Over the Top
Meghan C. Portillo | California - again | 03/15/2008
(4 out of 5 stars)
"Do not allow the opening musical sequence to cause you to turn off the movie! It is my opinion that this movie is worth watching to the end.
I know this a silly movie. I know the acting isn't the best. But I love this movie. The acting is so over the top and quasi-serious (or is that really how people in the fashion industry talk and act?!). I think that the only way to truly enjoy this movie is if you don't take it seriously.
The celebrity guest spots are fabulous - especially Joan Rivers. If you are skeptical about the movie and not too amused, you can't help but guffaw when she hits the screen (at least I couldn't).
The love story is predictable yet cute ... The whole Eurie (sp?) thing is a bit annoying, but it's almost worth sitting through that part of the plot when it's finally discovered who it is. Some subplots are interesting, others would have been better off as deleted scenes (if I recall, this DVD has no special features aside from interactive menus and the like).
So, I shall reiterate: If you are to enjoy this movie, you can't take it seriously. It is a fun movie and should be watched when you're in need of fluff."
Give It A Break
Stephen M. Moser | Austin, Texas USA | 01/23/2005
(3 out of 5 stars)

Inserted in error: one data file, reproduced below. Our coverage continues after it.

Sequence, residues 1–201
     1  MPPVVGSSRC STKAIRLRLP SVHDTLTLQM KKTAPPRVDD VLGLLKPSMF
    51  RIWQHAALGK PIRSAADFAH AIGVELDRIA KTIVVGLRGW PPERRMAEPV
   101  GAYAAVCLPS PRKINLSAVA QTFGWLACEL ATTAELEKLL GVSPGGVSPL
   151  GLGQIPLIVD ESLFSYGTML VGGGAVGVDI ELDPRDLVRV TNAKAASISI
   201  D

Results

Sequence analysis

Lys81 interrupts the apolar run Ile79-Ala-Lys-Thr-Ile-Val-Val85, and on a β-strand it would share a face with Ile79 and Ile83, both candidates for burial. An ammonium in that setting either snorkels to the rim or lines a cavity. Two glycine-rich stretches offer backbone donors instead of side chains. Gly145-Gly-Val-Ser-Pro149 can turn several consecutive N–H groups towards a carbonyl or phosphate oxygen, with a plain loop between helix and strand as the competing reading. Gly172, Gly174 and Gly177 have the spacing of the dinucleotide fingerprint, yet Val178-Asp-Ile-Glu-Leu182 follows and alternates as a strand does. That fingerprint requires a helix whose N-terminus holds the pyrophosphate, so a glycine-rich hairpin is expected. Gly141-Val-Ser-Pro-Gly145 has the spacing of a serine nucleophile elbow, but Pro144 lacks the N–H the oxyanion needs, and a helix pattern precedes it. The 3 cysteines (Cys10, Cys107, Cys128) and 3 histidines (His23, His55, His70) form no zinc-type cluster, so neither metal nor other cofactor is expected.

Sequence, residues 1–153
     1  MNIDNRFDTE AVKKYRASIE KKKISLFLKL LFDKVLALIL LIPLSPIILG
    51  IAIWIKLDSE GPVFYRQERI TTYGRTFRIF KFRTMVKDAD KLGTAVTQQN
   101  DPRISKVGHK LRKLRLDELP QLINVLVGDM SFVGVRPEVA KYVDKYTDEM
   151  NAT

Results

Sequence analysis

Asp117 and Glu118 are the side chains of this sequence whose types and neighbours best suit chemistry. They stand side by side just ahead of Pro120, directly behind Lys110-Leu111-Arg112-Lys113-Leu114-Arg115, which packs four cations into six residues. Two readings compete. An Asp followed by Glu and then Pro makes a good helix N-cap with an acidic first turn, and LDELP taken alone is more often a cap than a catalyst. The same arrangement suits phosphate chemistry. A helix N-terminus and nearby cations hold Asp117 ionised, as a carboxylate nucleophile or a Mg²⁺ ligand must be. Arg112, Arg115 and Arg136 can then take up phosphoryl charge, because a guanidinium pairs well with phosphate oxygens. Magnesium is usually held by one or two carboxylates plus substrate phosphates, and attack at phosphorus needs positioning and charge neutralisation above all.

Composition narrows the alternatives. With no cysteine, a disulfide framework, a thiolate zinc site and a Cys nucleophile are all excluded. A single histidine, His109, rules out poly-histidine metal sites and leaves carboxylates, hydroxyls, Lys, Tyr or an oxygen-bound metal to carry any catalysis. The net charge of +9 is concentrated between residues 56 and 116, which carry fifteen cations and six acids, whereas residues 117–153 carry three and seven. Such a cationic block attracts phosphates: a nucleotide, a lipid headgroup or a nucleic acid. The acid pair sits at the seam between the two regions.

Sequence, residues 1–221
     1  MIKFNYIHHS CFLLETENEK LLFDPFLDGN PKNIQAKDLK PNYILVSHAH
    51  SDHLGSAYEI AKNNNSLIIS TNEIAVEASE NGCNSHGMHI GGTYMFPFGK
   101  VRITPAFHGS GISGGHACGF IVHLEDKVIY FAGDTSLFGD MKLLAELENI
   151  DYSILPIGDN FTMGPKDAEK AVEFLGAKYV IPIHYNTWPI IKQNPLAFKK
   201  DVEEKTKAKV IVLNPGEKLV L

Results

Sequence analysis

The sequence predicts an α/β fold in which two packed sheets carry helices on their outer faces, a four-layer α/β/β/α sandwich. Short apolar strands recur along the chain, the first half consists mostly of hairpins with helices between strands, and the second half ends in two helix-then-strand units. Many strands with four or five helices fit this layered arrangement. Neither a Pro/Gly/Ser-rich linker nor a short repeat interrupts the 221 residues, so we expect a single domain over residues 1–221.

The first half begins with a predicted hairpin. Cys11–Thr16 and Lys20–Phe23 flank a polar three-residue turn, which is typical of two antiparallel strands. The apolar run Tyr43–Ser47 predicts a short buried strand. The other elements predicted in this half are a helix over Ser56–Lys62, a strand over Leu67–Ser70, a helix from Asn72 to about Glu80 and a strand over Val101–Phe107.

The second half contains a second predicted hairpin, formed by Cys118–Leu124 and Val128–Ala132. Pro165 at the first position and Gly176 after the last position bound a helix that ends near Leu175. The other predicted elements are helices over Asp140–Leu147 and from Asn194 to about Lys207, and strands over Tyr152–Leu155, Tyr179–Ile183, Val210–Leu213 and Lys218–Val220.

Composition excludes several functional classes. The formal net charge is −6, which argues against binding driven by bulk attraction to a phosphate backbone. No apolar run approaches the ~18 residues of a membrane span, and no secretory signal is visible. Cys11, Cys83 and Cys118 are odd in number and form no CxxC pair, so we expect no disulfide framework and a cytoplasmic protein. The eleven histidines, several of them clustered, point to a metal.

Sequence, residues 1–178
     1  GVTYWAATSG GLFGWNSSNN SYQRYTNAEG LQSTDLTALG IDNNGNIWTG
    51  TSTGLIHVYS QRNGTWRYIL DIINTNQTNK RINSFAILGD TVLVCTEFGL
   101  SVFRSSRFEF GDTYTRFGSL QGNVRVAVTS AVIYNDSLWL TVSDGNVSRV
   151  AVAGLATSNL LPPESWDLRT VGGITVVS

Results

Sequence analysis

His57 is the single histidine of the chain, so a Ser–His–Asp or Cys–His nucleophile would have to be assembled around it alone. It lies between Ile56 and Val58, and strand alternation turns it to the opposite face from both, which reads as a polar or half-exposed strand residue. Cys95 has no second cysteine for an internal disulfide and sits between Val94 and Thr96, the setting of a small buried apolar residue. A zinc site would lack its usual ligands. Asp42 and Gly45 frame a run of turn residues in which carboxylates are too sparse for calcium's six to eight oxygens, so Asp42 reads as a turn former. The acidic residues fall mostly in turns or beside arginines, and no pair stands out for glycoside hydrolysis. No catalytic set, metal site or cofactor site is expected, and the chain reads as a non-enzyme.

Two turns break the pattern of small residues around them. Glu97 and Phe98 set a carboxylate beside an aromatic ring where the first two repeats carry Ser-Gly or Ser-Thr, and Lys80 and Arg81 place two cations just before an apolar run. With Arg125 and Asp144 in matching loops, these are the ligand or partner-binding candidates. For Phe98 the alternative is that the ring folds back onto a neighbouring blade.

"Bad reviews abound for this straight-to-video feature - lot's of ugly sniping about the fashion business, gay stereotypes, superficiality, etc. But, please, let's get real here. Not every movie has to have deep subtext and meaning - especially not movies about the fashion business. Written and executive produced by Jill Kopelman, (daughter of the owner of the House of Chanel) and Caroline Doyle, the inside jokes and cameos run rampant in a movie that just misses being very clever. With a dreary romantic comedy subplot, Dominique Swain, most notable for *Lolita*, plays Jocelyn, an intern at *Skirt* magazine, who becomes involved in fashion espionage. A very thin premise, to be sure, with a John Waters-ish feel to it, but with a breathless E! TV approach to fashion and comedy. Also like a John Waters film, *Intern* depends heavily on onscreen slapstick and cameo performances- though since it's not John Waters, of course, we miss seeing Patty Hearst. Peggy Lipton is a pleasant surprise as Fashion Editor, Roxanne Rochet, a typical fashion victim, given to such statements as "Forget the herbal wrap - I want a Himalayan rejuvenation lichen-berry acid peel." She and her staff are complete caricatures of fashionistas (they are devoting nine pages of their current issue to making wheelchairs the chic accessory), but they are right on the money - especially Leilani Bishop as the vacuous, self-absorbed supermodel, and David Deblinger as the queeny art director. Paulina Porizkova, Anna Thompson, and comedienne Kathy Griffin are a little one-dimensional, but funny as well. Joan Rivers is Joan Rivers, and that's all we need to say about that. As stated earlier, it's not a particularly deep movie, but to paraphrase Karl Lagerfeld, fashion is not the same thing as feeding the hungry and curing the ill."